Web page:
Running on of the fastest growing Internet marketing companies in the country, I get asked a lot of interesting questions. Last week, I received an inquiry and some very interesting questions from an escort service in Richmond, VA (no, I’m not joking, and Becky, if you’re reading this, I did not respond!!). More on that another time …
One of my favorite questions is “how much money do I need to spend on SEO.” I must get asked this question at least once per day. And when I do, I usually respond with “it depends.” Thinking about it more, I might start saying, “It depends on how much intelligence you have.” Of course, I probably won’t really say this because prospects may mistakenly believe that I’m referring to their capacity for learning versus the information they have about their business.
I could swap out the word “intelligence” with “information,” but I think using “intelligence” gets people thinking in a different way. These days, information overload is a common occurrence. I’m certain no such problem exists when it comes to intelligence. So, using the word “intelligence” gets people thinking about their question (hopefully) in a new way and it doesn’t carry with it the negative connotations associated with the word “information.”
In my opinion, business owners shouldn’t start with this question. “How much SEO do I need?” is a tactical question that, in my experience, tends to start a vicious cycle of “junk in, junk out.” SEO is a marketing tactic (or strategy—depending on your worldview), and marketing, when done well, is like a growth engine for your business. Before you talk SEO, you’ve got to talk marketing, and before you talk marketing, you’ve got to talk business.
It is impossible to accurately answer the question “how much SEO do I need” without more information about the business—more business intelligence.
To understand how much money you should allocate to SEO requires having a conversation where we talk through things like:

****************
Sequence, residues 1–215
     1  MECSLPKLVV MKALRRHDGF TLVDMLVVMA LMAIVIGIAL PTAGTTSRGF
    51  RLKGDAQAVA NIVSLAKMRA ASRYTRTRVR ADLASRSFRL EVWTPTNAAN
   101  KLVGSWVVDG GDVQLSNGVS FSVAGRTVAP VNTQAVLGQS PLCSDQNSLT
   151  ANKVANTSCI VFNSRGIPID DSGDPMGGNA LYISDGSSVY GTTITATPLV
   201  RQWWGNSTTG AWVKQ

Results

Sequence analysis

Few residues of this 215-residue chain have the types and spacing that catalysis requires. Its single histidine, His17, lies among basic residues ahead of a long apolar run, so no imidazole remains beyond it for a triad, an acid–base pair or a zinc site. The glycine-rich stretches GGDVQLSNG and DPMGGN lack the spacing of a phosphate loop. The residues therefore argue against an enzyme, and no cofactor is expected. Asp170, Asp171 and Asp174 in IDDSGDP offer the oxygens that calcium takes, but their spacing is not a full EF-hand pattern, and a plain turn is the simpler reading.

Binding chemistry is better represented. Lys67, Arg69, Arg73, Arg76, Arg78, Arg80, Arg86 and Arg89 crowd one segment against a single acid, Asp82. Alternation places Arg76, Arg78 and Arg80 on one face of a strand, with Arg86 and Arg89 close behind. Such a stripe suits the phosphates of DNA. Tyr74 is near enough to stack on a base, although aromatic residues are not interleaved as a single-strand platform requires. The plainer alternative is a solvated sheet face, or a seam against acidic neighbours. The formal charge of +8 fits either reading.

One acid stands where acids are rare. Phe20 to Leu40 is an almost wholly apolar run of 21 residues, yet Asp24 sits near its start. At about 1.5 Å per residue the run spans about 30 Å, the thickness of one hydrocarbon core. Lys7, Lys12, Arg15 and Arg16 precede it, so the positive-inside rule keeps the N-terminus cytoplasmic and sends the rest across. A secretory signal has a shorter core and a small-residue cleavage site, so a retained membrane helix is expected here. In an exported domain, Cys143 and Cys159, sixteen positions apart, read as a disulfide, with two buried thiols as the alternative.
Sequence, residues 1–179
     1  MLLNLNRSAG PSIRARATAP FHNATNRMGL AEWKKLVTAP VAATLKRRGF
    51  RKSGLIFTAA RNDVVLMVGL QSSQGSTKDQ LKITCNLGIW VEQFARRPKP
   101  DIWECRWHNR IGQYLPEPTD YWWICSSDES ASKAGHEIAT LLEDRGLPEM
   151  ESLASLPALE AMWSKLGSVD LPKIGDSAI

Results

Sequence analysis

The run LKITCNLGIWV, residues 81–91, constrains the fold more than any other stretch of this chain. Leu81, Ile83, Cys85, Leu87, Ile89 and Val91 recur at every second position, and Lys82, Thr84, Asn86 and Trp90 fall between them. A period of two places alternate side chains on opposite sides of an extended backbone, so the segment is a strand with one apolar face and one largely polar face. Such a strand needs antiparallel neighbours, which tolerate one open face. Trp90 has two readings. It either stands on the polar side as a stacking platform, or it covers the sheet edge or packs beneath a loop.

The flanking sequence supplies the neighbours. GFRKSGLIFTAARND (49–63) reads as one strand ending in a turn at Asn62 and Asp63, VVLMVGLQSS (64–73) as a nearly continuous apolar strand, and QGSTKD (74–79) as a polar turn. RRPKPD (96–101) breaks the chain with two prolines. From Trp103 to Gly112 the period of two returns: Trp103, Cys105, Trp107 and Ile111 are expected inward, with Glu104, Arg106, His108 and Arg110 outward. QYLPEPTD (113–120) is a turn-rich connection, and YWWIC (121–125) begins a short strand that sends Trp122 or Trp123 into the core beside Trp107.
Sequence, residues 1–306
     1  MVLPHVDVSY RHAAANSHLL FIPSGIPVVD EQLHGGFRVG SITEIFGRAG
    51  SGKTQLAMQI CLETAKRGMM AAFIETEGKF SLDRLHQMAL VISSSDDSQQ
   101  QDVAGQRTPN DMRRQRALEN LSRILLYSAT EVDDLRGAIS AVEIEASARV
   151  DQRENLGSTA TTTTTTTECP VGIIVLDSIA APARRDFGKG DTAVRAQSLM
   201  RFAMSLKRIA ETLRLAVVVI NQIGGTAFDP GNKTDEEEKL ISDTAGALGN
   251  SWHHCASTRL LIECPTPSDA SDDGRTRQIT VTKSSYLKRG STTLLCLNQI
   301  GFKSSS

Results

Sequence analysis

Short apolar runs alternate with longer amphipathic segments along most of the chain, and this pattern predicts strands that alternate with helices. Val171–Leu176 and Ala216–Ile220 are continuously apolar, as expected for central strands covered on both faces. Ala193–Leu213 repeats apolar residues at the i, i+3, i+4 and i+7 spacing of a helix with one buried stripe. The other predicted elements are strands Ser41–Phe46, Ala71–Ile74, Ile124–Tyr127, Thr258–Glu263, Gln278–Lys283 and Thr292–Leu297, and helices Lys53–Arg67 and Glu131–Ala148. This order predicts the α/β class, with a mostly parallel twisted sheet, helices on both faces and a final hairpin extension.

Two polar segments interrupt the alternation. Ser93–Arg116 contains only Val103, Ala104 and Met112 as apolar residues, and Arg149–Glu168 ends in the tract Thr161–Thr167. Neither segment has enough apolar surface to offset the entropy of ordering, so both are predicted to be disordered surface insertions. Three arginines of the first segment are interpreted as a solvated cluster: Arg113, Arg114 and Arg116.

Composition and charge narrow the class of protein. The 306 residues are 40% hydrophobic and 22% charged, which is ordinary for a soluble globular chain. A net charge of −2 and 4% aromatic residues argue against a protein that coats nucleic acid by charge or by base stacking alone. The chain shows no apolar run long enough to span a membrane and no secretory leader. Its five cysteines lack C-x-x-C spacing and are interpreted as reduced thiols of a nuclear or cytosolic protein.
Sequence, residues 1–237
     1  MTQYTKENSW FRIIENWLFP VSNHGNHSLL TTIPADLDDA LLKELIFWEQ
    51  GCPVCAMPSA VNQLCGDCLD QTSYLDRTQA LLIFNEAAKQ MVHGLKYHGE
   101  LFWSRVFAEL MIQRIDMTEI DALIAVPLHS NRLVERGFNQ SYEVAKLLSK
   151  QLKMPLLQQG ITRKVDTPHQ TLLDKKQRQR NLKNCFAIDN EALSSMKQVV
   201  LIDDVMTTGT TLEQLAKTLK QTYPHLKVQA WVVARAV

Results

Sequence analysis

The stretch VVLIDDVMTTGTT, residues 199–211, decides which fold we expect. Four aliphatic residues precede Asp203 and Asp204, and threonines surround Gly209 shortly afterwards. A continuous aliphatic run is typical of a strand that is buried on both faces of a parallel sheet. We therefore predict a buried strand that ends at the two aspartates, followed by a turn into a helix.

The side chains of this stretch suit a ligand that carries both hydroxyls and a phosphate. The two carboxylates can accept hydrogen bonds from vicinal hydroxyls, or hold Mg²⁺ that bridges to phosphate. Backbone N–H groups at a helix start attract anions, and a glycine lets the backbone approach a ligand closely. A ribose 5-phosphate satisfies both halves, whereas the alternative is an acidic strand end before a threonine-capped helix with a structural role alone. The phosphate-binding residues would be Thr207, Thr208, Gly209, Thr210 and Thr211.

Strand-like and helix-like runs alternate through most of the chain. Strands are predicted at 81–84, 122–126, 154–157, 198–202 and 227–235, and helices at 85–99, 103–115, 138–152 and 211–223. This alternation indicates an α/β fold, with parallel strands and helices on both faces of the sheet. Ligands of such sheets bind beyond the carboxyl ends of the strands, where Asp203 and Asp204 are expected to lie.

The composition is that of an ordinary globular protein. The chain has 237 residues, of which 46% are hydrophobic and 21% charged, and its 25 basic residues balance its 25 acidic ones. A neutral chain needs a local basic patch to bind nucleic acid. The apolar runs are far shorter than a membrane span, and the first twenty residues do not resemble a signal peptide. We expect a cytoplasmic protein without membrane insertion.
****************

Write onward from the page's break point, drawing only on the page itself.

- Where are we today (baseline) in terms of revenue?
- What’s the goal (where would we like revenue to be and by when)?
- What are our primary lines of business?
- What percentage of our revenue comes from each one?
- What’s the average revenue associated with a single sale from each line of business?
- Are we profitable?
- Do we have the systems in place to grow at the rates we’d like to?
- Are we seasonal?
- Where are the leverage points—if we could sell one type of job all day long or serve one type of customer over and over again, what/who would it be?
- What’s our gross margin by line of business?
- What’s our current marketing and sales process?
- What percentage of our leads convert into sales?
- What percentage of website visits convert into leads?
- How much traffic is our website getting today?
- What percentage of the traffic comes from non-branded organic search?
- Do we have the right tracking systems in place?
If you’re thinking about investing in SEO and you’re not having a business conversation first, you’re talking to the wrong SEO company. If an SEO company tosses out a budget number without understanding your goal first, you’re headed in the wrong direction. Before you talk SEO and marketing, you’ve got to talk business, and you can’t talk business unless you have good intel.
Words like business intelligence (or BI) and marketing analytics used to be alien to all but the Fortune 500. Today, there are thousands of incredibly powerful, yet inexpensive analytics tools that small or medium-sized businesses can use to quickly view and evaluate their business from a number of different perspectives. For example, you can accurately track the percentage of visitors to your website that convert into leads and sales, but by my estimates, fewer than 5 percent of businesses do. Why invest any amount of money in SEO to drive qualified visitors to a website that isn’t doing a good job converting them into leads? That would be like paying money to send leads to a sales rep that can’t close!
Intellectually, most business owners agree that analytics and data are good—necessary for making better decisions. However, when it comes time to cutting a check, the same bunch let emotions take over and find it easier to throw money at SEO than analytics. At Blue Corona, we do both, and I’m telling you that investing in SEO when you don’t have the right analytics and intel is a mistake. It’s like buying fancy golf clubs instead of taking golf lessons.
It ain’t the clubs, buddy. Tiger Woods is going to out-drive, out-chip, and out-putt you with some kids’ clubs purchased at Target. Invest in intelligence first, then SEO.